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Porsche took first place in JD Power's 2019 Customer Satisfaction Index, ahead of Lexus and Cadillac.

Communication is key to the success or failure of any relationship, and perhaps nowhere is that more true than in the service department of an auto dealership.

Auto dealers that communicate the best, i.e. the way consumers want, finished atop J.D. Power’s new Customer Service Index ranking. This year, that means Porsche, Lexus and Cadillac took the top three spots in the luxury car rankings.

In the mainstream results, Buick, Mini and somewhat surprisingly, Mitsubishi took the first three spots. Mitsubishi’s third-place finish came as a result of the greatest improvement (27 points) in the entire study year-over-year.

The Japanese automaker was also the highest-ranked Asian brand in the mass-market/non-premium segment and has improved its points position (61 points) in the CSI study — more than any other non-premium brand from 2016-2019.

(Porsche electrifying next-gen Macan. Click Here for the story.)

The study measures satisfaction with service at a franchised dealer or independent service facility for maintenance or repair work among owners and lessees of 1- to 3-year-old vehicles. The score is compiled from scores in five different categories.

Buick took top honors for non-premium brands in the latest J.D. Power Customer Satisfaction Index.

“This is an important area of opportunity for dealers,” said Chris Sutton, Vice President, U.S. Automotive Retail Practice at J.D. Power. “Seemingly simple things like completing service right the first time; returning settings to how they were when the customer brought the vehicle in for service; and washing the customer’s vehicle—all three of which are Key Performance Indicators (KPIs)—can affect their perception of service quality.

“While completing repairs right the first time is done 94% of the time, the other two KPIs are only being completed 81% and 45% of the time, respectively. These basics are really building blocks to cementing the customer’s relationship with their dealer.”

The index also accounts for changes in customer preferences. For example, customers still want to hear from dealer, but they want their communication to be digital rather than from a person, especially when it comes to scheduling appointments.

In 2015, the industry average preference for these two methods was 20% and 64%, respectively. This year, preferences are 28% and 59%, respectively. While Gen Y customers have shifted their preference toward internet scheduling at a faster rate than have Boomers, every generation (with the exception of Pre-Boomers) has increased its preference for internet scheduling and decreased its preference for phone scheduling during the past five years of the study.

(Click Here for more about the new Porsche Macan.)

However, if you’re talking, then what you say needs to be important. The percentage of customers who feel their service adviser provides helpful advice is 70 points higher when the adviser was focused on them and their needs during the visit.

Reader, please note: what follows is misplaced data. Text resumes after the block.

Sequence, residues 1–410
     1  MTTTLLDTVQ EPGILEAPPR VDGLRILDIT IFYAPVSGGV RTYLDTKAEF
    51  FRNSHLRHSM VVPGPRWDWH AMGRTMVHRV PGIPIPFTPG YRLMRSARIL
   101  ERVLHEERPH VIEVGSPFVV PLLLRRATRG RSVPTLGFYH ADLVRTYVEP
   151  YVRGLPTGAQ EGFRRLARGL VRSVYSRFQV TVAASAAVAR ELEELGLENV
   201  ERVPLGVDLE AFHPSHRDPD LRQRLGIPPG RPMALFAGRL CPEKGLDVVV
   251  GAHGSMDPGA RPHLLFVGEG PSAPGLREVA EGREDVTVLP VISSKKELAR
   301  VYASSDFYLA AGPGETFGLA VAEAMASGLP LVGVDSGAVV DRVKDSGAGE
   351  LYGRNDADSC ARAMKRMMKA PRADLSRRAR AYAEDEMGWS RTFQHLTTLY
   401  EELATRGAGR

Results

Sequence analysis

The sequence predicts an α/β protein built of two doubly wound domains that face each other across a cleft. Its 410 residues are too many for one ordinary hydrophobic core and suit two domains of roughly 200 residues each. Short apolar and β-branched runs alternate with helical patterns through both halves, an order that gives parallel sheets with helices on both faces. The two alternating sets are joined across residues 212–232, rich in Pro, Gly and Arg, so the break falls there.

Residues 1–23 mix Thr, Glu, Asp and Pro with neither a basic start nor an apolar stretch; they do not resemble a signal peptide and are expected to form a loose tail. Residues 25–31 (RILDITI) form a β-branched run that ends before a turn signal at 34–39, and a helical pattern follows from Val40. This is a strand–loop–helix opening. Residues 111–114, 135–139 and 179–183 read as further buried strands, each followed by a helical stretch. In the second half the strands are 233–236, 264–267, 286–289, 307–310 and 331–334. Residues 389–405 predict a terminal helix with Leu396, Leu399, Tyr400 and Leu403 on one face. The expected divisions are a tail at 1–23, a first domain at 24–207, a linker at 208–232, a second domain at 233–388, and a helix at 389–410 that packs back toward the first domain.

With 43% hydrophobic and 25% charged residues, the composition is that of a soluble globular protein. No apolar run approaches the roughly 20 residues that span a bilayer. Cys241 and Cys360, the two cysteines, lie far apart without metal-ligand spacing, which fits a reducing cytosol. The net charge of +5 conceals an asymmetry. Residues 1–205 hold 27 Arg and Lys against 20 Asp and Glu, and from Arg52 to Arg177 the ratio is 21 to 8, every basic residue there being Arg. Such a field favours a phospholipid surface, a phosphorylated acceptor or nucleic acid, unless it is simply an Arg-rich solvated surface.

Mini was second behind Buick in J.D. Power's recent Customer Service Index.

This, along with informing customers about work performed on the vehicle (+44); knowing the vehicle’s service history (+37); keeping them informed of the vehicle’s status (+33); letting them know when the vehicle will be ready before service begins (+30); and performing a vehicle walk-around (+30), boosts a customer’s view of the service advisor’s perceived helpfulness.

Also those good feelings for customers result in those owners saying good things to others about the brand. More than three-fourths (77%) of owners are promoters in year one of vehicle ownership; 75% are promoters in year two; and 73% are promoters in year three. Most notably, when an owner’s vehicle is not fixed right the first time, scores drop approximately 50 points (on a 100-point scale).

Dealers can pick up satisfaction points for doing some of the little things as well, such as returning a vehicle washed and cleaned.

“This is an important area of opportunity for dealers,” Sutton said. “Seemingly simple things like completing service right the first time; returning settings to how they were when the customer brought the vehicle in for service; and washing the customer’s vehicle—all three of which are Key Performance Indicators (KPIs)—can affect their perception of service quality.

(To see more about Porsche expanding its subscription service, Click Here.)

“While completing repairs right the first time is done 94% of the time, the other two KPIs are only being completed 81% and 45% of the time, respectively. These basics are really building blocks to cementing the customer’s relationship with their dealer.”

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